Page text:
Sands of Delirium
I lost to two W/B decks. I’m not sure if that’s noteworthy or not. My Round 1 opponent won with a ton of removal, and my Round 4 opponent had a bad deck (he told me so himself) with Sands of Delirium as his kill, which got me both games before I could draw an Acidic Slime or Naturalize.

My Round 2 opponent was a sixteen-year-old kid from Toronto (I originally thought he was much younger, but he assured me on Twitter that he’s just short) with a W/U deck. Both games were identical—he weathered my early beats, stabilized with a bunch of flyers, and started cracking back, and then I Volcanic Geysered him out. Magic!

Round 3, I played against the guy who opened my pool, marking the second PTQ in a row in which I had to play the guy who knew what I was playing. The moment of realization came for him when I cast my second Centaur Courser of the game, and it was foil:

“Wwwwwwait a minute. I think I opened that pool.”

I looked at our match slip. “Yep, this is your pool.”

And then he played two 1-toughness creatures into the Chandra's Fury he knew I had and died.

Like I said, I think I played fine that day. Most of competitive Magic is believing that the shots you keep taking and the money you keep spending is all building toward something, whether that’s a spot on the Pro Tour, a job in Renton, or even just good times with friends.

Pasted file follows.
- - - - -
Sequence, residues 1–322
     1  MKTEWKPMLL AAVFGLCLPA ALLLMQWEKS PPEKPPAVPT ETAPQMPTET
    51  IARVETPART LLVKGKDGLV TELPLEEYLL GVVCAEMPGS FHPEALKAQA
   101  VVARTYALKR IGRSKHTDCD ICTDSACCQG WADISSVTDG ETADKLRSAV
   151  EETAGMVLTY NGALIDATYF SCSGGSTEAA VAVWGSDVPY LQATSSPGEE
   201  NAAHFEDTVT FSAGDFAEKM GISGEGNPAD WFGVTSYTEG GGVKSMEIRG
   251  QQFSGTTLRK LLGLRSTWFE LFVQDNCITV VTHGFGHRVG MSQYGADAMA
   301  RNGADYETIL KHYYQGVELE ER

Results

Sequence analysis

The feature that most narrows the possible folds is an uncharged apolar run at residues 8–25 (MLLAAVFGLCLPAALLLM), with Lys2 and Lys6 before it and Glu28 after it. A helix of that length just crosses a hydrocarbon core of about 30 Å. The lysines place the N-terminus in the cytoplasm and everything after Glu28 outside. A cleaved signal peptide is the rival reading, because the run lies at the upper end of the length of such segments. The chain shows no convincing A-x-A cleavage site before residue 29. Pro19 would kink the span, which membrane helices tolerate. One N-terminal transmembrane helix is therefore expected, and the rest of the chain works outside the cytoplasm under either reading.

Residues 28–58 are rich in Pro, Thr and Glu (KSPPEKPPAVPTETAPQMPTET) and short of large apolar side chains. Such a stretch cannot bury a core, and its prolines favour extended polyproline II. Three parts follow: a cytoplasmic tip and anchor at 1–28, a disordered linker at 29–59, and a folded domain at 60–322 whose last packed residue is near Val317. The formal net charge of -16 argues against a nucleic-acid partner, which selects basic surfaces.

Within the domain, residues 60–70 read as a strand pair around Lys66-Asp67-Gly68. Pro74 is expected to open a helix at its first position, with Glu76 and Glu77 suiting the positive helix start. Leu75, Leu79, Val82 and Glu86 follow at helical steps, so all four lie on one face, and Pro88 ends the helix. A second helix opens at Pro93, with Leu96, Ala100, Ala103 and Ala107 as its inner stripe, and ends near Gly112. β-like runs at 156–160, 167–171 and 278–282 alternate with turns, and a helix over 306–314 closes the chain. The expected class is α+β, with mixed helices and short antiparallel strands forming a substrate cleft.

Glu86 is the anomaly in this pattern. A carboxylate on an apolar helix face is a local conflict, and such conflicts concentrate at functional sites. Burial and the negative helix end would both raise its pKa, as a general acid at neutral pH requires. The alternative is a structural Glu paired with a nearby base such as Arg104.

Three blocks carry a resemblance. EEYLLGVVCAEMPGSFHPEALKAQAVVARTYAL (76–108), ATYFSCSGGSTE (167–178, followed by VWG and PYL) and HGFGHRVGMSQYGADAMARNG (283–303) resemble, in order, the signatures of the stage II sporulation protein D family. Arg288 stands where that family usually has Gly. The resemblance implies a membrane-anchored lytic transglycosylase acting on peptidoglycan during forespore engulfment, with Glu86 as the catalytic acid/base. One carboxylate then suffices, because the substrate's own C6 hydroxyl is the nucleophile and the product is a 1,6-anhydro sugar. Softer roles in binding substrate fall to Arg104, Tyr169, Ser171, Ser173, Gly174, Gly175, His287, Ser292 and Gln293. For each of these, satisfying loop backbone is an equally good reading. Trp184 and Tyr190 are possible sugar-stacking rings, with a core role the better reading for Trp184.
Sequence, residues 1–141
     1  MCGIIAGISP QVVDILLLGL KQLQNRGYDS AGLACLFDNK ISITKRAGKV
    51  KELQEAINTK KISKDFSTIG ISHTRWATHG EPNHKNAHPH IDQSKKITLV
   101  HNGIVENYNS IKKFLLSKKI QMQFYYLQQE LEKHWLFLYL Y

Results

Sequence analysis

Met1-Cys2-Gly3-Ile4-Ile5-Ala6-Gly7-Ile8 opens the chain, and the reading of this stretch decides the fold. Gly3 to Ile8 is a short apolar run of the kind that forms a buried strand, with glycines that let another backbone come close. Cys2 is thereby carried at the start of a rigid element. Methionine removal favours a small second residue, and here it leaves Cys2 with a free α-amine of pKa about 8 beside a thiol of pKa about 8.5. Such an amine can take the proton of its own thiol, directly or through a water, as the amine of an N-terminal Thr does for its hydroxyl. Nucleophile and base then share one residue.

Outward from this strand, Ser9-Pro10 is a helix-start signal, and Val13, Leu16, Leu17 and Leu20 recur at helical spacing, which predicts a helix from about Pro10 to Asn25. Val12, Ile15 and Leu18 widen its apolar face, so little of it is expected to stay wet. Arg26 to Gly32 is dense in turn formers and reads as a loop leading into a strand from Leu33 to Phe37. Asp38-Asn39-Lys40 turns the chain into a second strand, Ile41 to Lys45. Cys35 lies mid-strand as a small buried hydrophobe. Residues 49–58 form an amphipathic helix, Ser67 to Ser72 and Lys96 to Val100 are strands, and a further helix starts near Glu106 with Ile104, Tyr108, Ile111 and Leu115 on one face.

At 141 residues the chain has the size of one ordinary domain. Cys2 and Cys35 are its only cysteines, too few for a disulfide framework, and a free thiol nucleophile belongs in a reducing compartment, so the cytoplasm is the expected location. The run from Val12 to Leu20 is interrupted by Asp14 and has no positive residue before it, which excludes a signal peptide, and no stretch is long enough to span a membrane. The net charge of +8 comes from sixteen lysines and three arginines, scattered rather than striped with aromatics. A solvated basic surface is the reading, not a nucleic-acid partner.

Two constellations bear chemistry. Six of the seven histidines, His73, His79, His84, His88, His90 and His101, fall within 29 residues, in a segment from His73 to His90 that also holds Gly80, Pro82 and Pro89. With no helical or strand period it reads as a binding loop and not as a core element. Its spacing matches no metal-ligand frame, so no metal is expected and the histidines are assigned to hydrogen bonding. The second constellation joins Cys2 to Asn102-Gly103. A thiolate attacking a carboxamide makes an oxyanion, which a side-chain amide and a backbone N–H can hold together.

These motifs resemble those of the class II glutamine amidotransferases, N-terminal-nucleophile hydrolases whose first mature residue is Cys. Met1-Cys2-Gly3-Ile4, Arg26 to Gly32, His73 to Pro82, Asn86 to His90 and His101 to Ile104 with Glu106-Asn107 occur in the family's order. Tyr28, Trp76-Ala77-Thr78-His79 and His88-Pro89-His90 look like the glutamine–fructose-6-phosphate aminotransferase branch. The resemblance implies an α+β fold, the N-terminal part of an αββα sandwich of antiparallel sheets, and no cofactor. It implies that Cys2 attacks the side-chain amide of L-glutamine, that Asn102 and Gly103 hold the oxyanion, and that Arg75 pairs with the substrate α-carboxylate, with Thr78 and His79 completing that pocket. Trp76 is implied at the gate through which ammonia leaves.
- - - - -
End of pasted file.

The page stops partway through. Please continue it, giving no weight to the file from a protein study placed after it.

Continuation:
Basketball video games don’t make much sense to e, because sometimes, your shooters, the guys who can’t drive into the lane and have to content themselves with making jump shots, sometimes get “cold” when they haven’t made a shot in a while. This happens a lot in real basketball games, too, but NBA players know the game well enough to keep taking shots. Obviously, this goes better for some players than it does for others, but the correct play, whether it’s basketball or Magic or poker, is to keep taking shots.

But in basketball games, you get cold, and that’s it. There’s no shooting yourself out of cold. Believe me; I’ve tried. And I don’t think that’s how life works.

Make your adjustments, but don’t stop shooting.

Jon Corpora

Pronounced Ca-pora